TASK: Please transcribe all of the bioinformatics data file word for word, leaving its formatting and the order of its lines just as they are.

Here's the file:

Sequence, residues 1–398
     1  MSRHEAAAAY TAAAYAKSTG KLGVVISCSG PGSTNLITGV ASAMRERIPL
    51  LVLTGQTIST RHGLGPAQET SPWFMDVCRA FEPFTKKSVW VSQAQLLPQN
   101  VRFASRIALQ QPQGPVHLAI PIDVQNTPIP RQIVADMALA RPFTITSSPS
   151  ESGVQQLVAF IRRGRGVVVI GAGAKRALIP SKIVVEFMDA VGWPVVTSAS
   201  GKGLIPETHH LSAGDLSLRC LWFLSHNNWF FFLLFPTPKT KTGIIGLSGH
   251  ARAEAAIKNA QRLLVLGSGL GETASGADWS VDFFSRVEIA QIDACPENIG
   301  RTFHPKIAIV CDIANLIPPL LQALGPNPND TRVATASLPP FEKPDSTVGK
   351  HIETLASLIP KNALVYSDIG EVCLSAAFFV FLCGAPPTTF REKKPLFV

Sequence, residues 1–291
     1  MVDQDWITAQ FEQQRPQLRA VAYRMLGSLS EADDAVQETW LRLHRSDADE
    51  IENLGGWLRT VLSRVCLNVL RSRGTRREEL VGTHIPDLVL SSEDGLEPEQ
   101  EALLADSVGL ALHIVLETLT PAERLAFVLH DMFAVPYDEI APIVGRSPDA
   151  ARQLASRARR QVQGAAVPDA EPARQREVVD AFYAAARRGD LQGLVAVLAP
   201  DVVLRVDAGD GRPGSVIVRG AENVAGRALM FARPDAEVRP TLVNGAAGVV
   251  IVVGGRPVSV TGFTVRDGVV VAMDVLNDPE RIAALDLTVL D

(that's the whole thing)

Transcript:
Sequence, residues 1–398
     1  MSRHEAAAAY TAAAYAKSTG KLGVVISCSG PGSTNLITGV ASAMRERIPL
    51  LVLTGQTIST RHGLGPAQET SPWFMDVCRA FEPFTKKSVW VSQAQLLPQN
   101  VRFASRIALQ QPQGPVHLAI PIDVQNTPIP RQIVADMALA RPFTITSSPS
   151  ESGVQQLVAF IRRGRGVVVI GAGAKRALIP SKIVVEFMDA VGWPVVTSAS
   201  GKGLIPETHH LSAGDLSLRC LWFLSHNNWF FFLLFPTPKT KTGIIGLSGH
   251  ARAEAAIKNA QRLLVLGSGL GETASGADWS VDFFSRVEIA QIDACPENIG
   301  RTFHPKIAIV CDIANLIPPL LQALGPNPND TRVATASLPP FEKPDSTVGK
   351  HIETLASLIP KNALVYSDIG EVCLSAAFFV FLCGAPPTTF REKKPLFV

Sequence, residues 1–291
     1  MVDQDWITAQ FEQQRPQLRA VAYRMLGSLS EADDAVQETW LRLHRSDADE
    51  IENLGGWLRT VLSRVCLNVL RSRGTRREEL VGTHIPDLVL SSEDGLEPEQ
   101  EALLADSVGL ALHIVLETLT PAERLAFVLH DMFAVPYDEI APIVGRSPDA
   151  ARQLASRARR QVQGAAVPDA EPARQREVVD AFYAAARRGD LQGLVAVLAP
   201  DVVLRVDAGD GRPGSVIVRG AENVAGRALM FARPDAEVRP TLVNGAAGVV
   251  IVVGGRPVSV TGFTVRDGVV VAMDVLNDPE RIAALDLTVL D